Australia: GDP returns to growth in Q4
March 1, 2017
The Australian economy rebounded in the fourth quarter following Q3’s surprise contraction. In the fourth quarter, GDP expanded a seasonally-adjusted 1.1% over the previous quarter, which contrasted the 0.5% contraction in Q3 and was above the 0.7% expansion analysts had expected. The result marked the fastest pace of growth since Q1 2015. A year-on-year comparison showed GDP growth improving from 1.9% in Q3 to 2.4% in Q4.
The result was driven by a strong rebound in domestic demand, boosted by an expansion in fixed investment. Fixed investment increased 2.6% in Q4, recovering part of the ground lost in Q3, when it had contracted 2.7%. The expansion stemmed from LNG-related investment projects. In addition, household consumption expanded 0.9% in Q4 after having grown 0.4% in Q3. However, the surge in private consumption growth seems to have been driven by a reduction in household savings because wages actually contracted in the December quarter. Taking into account the weak labor market, where the unemployment rate has been inching up and job creation seems to come from part-time jobs, it is unlikely household consumption will continue buttressing growth in the near future.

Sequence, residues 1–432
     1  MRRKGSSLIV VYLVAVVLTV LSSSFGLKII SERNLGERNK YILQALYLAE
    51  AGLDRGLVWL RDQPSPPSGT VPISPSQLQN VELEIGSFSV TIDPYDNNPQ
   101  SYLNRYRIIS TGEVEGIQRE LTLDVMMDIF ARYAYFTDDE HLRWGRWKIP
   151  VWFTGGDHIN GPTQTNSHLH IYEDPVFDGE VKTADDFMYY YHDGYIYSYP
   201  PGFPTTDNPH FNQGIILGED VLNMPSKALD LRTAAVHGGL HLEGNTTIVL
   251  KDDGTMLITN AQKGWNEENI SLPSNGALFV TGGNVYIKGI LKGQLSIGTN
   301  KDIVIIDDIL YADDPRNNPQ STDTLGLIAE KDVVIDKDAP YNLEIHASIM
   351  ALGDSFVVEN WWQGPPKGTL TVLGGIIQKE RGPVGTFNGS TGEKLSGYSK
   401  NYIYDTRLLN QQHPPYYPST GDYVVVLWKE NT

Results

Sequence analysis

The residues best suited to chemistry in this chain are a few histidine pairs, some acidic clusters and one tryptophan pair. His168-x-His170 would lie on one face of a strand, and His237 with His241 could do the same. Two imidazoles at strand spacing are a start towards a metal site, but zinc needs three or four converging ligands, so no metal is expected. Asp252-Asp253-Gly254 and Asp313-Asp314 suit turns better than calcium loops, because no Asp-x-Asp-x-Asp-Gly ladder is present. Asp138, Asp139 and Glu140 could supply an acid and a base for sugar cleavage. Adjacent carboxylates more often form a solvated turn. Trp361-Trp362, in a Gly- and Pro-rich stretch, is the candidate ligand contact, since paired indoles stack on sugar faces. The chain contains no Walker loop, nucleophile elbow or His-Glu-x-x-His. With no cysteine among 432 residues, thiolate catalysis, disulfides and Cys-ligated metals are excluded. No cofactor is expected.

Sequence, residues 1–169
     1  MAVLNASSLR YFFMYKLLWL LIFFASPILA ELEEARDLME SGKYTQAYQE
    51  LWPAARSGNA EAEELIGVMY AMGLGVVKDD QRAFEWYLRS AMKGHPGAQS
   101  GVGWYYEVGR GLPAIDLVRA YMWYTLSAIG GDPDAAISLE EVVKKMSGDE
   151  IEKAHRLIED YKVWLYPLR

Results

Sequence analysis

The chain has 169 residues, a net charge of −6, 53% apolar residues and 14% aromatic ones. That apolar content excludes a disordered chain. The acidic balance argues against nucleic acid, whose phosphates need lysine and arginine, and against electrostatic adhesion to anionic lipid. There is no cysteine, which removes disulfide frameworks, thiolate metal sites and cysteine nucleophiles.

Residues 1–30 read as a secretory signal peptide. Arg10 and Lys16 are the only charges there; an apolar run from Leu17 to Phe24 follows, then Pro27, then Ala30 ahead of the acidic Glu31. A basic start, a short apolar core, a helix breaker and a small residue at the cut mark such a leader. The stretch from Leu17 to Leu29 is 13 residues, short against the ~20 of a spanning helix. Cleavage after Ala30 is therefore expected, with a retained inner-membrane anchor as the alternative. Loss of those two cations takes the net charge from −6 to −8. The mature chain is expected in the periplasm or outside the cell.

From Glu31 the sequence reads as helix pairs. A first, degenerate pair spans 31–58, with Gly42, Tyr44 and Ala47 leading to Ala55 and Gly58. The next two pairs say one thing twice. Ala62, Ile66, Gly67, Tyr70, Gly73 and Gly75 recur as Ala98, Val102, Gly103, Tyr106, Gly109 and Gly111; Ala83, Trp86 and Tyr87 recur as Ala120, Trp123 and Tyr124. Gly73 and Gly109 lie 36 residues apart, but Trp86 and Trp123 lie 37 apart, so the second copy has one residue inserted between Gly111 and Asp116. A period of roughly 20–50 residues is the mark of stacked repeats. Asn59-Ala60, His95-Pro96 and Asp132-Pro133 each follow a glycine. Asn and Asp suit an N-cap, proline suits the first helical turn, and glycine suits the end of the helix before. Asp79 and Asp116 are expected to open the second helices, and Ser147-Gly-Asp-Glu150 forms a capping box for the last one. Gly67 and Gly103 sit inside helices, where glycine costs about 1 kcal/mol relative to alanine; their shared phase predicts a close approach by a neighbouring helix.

On the external front, export growth accelerated markedly, rising to 2.2% in Q4, following a 1.0% expansion in Q3. The acceleration was driven in large part by increasing LNG exports, which were supported by a weaker Australian dollar. However, LNG-driven export growth is unlikely to be as dynamic moving forward as the government moves to limit LNG exports in order to ensure the domestic market remains fully supplied. A report by the energy regulator in March warned the country could face severe energy shortages within a year because Australian gas producers are giving foreign markets priority over the domestic one. At the same time, imports accelerated but at a more moderate pace, bringing the contribution of the external sector to overall growth to 0.2 percentage points (Q3: -0.2 percentage points).
Q4’s strong GDP outturn brought overall growth for 2016 to 2.5%, a small improvement on 2015’s 2.4%. Despite the mild acceleration, growth was uneven across most sectors, with volatile business investment data suggesting the shift away from commodities is proving harder than forecast. Household consumption is starting to show signs of exhaustion with high indebtedness, low wage growth and a stubbornly weak labor market.
Author: Christopher Mc Innes, Economist